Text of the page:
Why are workplace pensions excluded from transfer advice?

Gavin p.jpg

Gavin Perera-Betts

NEST gets us thinking

Gavin Perera-Betts work for NEST, he’s the chief customer officer – the person charged with helping people get the most out of their savings and he’s the author of NEST’s recent response  to the Government’s Select Committee for Work and Pensions (Frank Field’s committee).

Reading about this response, I’m struck by what a difference it would make to BSPS members wishing to take their CETVs, if there were “guided pathways” for them to follow. I don’t think pathway is the right term – it has the wrong medical connotations, but it does at least highlight the need for solutions that serve members till death do them part.

NEST warns that a major mis-selling scandal is likely to hit millions of retirees unless default decumulation options are set up.

NEST says providing advice and guidance alone would not meet the needs of millions of savers approaching and entering retirement.

It wants pre-set retirement options which meet high minimum governance levels to be set up by pension schemes – helping members get the most out of their savings for life.

NEST points out members face multiple risks including overpayment of tax, being scammed, facing higher overall costs and spending too much (or too little) in retirement.

Here’s what Gavin actually has to say

“We don’t need to look too far for the answer. Auto-enrolment has worked extremely well and can be a model for where to go from here. No one is tied in, savers are free to make their own choices, but most of the hard work is done for them. We think that’s what’s needed in retirement too”.

Qualifying workplace pension schemes, which have a fiduciary duty to their members, should be expected to offer a straight-through solution from saving through to taking an income, so anyone who doesn’t want to shop around doesn’t end up worse off.

“We want strong default options in place to complement a thriving and competitive advice market. We believe that’s the way to avoid the next pensions mis-selling scandal and give millions of savers peace of mind in old age.”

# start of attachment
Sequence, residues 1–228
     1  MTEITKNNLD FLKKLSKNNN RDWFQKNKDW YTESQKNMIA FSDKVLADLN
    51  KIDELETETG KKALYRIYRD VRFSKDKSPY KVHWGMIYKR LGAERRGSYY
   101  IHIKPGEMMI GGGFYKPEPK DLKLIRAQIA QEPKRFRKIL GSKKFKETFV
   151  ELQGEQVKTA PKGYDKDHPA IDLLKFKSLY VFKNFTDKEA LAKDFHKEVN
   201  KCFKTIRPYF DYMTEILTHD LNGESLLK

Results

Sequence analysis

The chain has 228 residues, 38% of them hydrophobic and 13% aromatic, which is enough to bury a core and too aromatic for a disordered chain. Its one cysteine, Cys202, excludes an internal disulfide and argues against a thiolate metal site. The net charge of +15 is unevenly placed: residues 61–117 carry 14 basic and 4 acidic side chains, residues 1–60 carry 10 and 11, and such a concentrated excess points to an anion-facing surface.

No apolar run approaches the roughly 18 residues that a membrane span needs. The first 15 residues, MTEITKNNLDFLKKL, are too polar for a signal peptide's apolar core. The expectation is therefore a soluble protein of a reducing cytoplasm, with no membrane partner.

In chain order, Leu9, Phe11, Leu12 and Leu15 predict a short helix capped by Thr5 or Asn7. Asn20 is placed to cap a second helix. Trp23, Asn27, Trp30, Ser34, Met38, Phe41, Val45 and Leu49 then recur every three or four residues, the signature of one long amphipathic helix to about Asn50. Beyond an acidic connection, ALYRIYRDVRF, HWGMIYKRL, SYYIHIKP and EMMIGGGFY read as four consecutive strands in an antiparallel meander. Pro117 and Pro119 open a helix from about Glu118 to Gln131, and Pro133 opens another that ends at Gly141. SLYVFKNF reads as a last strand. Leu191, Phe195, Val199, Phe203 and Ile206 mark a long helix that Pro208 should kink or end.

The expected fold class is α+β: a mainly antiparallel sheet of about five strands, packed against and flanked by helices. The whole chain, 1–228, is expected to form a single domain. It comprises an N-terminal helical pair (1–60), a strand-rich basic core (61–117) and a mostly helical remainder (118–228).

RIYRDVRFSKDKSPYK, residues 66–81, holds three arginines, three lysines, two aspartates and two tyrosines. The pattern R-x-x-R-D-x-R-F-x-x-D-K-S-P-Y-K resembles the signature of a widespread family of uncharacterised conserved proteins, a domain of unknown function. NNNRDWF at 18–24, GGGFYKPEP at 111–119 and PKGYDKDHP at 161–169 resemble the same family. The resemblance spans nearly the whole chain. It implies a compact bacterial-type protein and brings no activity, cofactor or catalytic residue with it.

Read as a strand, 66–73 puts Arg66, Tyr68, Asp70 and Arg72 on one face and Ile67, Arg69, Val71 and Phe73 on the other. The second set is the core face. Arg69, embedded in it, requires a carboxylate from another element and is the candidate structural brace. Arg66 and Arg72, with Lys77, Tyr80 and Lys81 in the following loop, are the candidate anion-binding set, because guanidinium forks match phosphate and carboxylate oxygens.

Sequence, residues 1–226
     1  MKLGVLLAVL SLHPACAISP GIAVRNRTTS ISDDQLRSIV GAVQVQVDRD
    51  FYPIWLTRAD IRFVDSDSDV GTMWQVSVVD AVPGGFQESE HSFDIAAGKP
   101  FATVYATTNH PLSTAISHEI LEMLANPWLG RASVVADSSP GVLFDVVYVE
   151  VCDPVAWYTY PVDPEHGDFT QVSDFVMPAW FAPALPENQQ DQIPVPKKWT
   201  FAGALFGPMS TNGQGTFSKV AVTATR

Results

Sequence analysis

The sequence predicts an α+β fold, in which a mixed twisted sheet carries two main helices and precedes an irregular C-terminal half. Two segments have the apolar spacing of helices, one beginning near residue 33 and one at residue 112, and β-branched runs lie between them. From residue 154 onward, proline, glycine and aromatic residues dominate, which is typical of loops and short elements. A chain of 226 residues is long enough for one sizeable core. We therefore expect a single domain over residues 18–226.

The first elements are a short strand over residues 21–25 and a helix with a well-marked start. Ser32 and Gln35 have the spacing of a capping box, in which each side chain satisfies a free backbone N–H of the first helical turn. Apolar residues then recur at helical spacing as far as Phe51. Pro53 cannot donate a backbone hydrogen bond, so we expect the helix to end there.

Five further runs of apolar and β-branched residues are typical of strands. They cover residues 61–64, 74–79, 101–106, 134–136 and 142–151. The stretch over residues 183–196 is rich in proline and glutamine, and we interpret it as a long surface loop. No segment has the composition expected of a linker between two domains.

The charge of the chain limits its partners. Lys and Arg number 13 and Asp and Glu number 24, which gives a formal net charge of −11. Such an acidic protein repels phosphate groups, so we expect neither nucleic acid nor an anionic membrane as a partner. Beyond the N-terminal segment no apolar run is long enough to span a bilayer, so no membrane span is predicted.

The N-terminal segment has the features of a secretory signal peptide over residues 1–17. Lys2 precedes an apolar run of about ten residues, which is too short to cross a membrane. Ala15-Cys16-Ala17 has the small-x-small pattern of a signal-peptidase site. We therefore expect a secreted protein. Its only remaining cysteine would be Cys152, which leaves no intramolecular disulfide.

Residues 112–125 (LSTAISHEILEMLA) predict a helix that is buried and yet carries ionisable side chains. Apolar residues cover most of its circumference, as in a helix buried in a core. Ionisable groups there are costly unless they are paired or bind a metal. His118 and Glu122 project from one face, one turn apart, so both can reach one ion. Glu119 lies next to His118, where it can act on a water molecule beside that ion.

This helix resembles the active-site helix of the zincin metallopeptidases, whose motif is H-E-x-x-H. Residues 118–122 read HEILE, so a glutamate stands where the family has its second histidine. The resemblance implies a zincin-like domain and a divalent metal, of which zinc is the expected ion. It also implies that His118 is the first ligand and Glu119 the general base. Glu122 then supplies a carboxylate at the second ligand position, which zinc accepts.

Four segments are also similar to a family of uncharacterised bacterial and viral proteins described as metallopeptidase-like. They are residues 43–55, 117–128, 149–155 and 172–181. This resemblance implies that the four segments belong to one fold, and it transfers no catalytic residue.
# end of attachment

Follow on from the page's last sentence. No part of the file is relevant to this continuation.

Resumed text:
NEST says that  qualifying workplace schemes should be compelled to offer a guided pathway for those who remain disengaged or just want a trusted source to do it for them.

Right Solution – wrong problem

I agree with all of this, but NEST’s solution is designed to meet its savers needs in a decade’s time. In the meantime, hundreds of thousands of savers will be looking for a home for the transfers they are taking from occupational DB schemes. As this blog points out, they have no guided pathway, only an array of products about which they know very little .

The British Steel Pension Scheme has been succeeded for its current employees by a new DC arrangement which could- in theory – provide the guided pathways Gavin is talking about. I have met a number of current TATA employers – none of whom had considered transferring into their TATA workplace pension. I think this might be a good option.

But it would only good for the relatively small number of current TATA employees eligible for membership. The majority of BSPS deferred members are not eligible for the TATA DC scheme but are eligible for the kind of workplace pension scheme that Gavin is talking about.

But in all the conversations I have had about transfers, both online and face to face, I have not heard mention of these new workplace pensions – once!

Why workplace pensions aren’t being used for transfers.

There are two reasons

  1. Workplace pensions have their eyes set on receiving auto-enrolled contributions. They are managing small pots for the future, they have not prepared themselves for helping people spend their pension pots today. They are ill-equipped to deal with let alone compete for transfer business.
  2. The people advising BSPS members (and many others) about how to spend their pots are looking everywhere but workplace pensions. They may have interest in managing the money themselves, they may wish to retain advisory rights over the money or they may simply be unaware of the workplace pension retirement option.

But the average cost of managing a pot in a workplace pension is around 0.5% of funds, typically half the cost of managing money in the self-invested personal pensions. This matters when you have a pot which is on average worth £350,000.

Workplace pensions are set up to help people who may not have advisers and offer those who want self-sufficiency, options to manage their investments independently. Non-advised options may be scary, but they are the alternative to paying ongoing advisory fees.